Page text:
Liquid sunshine is caressing this morning thousands of marble headstones at Arlington National Cemetery. The Tomb of the Unknown Soldier is visible on top of the hill as we drive to Ft. Myer. I am reminded of the altruistic sacrifice of thousands and thousands of soldiers who came before my husband, some who have made the ultimate sacrifice and some who still serve our country. They are the quiet heroes who made possible the freedoms many Americans take for granted every day. I appreciate everything because I have lived through tyranny.
We are silent. My inner melancholy reflects on my husband’s usually stoic face. He proudly served in the Armed Forces of the United States of America for 27 years. Today, he will be honored with 33 other soldiers whose collective service represents 796 years of faithful duty. The Commanding General of the U.S. Army Military District of Washington, D.C. will review the officers and non-commissioned officers who have honorably served and retired.
The pomp and circumstance will be highlighted by the 3rd United States Infantry Regiment (The Old Guard) and the United States Army Band (Pershing’s Own). The Eagle Squadron, the Sabre and Spurs, and the National Spirit will dazzle the audience with a pre-ceremony concert.
I am glad that the usual outdoor ceremony is moved inside, not so much for everyone’s comfort, although temperatures were predicted to reach a scorching 100 degrees today. Not far from our celebration, sailors dressed in white are honoring a fallen hero from the U.S. Navy.
As a military wife and American patriot, the playing of the National Anthem and the presentation of our Flag is not just a customary salute of respect. The rendition of “The Star-Spangled Banner” is deeply felt. It is a tearful mixture of pride, joy, and blessings for the luck and privilege to live in the United States, the best place on earth.
Thirty-four men and women wore their uniforms today for the last time in an official capacity. No civilians can understand or appreciate the places these soldiers have traveled to, the hardships they’ve endured away from their families, the sacrifices they’ve made, the number of nights they’ve slept under the stars, in the sand, in their Humvees, in tents, in tanks, and all the special moments in the lives of loved ones they have missed. They were exposed to the elements, thirsty and hungry at times, dirty, eaten by bugs, injured, alone sometimes, unprotected, under fire, yet seldom complained.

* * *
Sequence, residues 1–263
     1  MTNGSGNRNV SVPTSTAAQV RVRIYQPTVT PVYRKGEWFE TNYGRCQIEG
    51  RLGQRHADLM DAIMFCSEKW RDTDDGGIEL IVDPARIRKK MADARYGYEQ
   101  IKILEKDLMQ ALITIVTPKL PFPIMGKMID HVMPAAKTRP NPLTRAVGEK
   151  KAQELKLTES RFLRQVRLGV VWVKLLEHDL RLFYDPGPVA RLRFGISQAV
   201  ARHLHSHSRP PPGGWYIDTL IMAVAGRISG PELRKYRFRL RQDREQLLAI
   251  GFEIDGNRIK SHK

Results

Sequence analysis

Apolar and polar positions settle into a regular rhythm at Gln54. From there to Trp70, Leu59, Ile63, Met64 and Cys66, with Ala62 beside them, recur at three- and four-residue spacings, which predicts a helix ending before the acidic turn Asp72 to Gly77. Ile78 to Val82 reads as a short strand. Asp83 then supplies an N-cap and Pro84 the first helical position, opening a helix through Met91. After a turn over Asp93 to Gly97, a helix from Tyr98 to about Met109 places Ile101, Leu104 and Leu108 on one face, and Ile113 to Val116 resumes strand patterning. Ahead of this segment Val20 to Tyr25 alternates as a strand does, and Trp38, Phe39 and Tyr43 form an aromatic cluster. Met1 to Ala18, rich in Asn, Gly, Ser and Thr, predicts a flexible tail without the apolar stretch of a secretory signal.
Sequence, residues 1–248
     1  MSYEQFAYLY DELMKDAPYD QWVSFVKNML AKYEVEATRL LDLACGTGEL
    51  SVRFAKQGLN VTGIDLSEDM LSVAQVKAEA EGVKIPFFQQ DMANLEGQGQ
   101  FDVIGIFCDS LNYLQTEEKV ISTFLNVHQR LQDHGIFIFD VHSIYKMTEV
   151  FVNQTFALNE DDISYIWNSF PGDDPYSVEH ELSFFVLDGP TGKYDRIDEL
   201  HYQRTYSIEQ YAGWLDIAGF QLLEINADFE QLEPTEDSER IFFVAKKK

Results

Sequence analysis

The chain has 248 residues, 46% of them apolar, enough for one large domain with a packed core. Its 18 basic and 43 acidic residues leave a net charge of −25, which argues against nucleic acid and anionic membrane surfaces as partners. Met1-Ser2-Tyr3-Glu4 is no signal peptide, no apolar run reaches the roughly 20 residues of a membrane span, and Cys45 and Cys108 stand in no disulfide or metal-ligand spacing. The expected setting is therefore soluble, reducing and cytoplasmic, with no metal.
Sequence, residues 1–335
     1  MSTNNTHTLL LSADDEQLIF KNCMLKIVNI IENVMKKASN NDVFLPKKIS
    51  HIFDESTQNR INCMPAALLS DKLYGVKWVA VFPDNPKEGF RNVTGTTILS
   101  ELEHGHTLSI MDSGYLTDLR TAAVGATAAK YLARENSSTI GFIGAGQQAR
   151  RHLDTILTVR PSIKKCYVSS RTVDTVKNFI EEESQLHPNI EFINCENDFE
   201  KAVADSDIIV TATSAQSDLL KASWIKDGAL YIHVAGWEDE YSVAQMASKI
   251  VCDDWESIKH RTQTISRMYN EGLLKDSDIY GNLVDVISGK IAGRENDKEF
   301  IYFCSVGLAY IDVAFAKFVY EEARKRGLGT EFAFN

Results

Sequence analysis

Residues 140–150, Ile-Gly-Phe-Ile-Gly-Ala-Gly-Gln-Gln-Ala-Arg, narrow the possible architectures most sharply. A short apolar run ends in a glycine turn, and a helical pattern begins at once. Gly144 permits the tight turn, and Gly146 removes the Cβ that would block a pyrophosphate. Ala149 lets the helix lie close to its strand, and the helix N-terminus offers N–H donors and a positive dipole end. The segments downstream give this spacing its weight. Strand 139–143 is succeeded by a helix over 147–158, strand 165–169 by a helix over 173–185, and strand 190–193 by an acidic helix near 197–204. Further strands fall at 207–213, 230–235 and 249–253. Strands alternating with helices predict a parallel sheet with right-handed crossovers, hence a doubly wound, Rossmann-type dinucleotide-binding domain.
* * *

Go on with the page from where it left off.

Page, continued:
Soldiers volunteer to serve our country because it is the right thing to do – it is about duty, honor, courage, valor, and sacrifice in the defense of our republic. Thousands of faceless and nameless heroes came before my husband, a monolith of men of unparalleled courage and devotion to a common cause that few civilians understand. We owe them a debt of gratitude for what they do for the rest of us. However, few Americans acknowledge, understand, or respect a soldier’s duty and role in our country until their peace is threatened. As one wise soldier once said, “You reside under the yoke of freedom which I provide. Have a nice day!”
“The Americans are coming” has been uttered across of the world, sometimes in fear, sometimes in relief, and every time, it was a nameless, faceless soldier, someone’s husband, son, or brother who rose to the occasion of freeing a nation or punishing evil around the world.
Many American soldiers rest in cemeteries around the world, their sacrifice forgotten, save for the headstone and the occasional wreath. Vandals sometimes deface their tombs.
My husband and I carried home his retirement certificate, encased in an embossed green holder, a letter of appreciation from the Commander in Chief, and a carefully folded American flag which I held like a priceless possession.
I know how much soldiers give up to save people they don’t even know who often don’t appreciate nor are grateful for their help. Soldiers do not ask questions, they are duty and honor bound to do what they are told. For their valor, courage, and fortitude, God bless the American soldiers who make the peaceful existence of the United States of America possible every day!
If only every American felt the same gratitude. From my family, to you and your husband and all who serve and have served, thank you for your sacrifice to our Republic.
Thank you, Robert.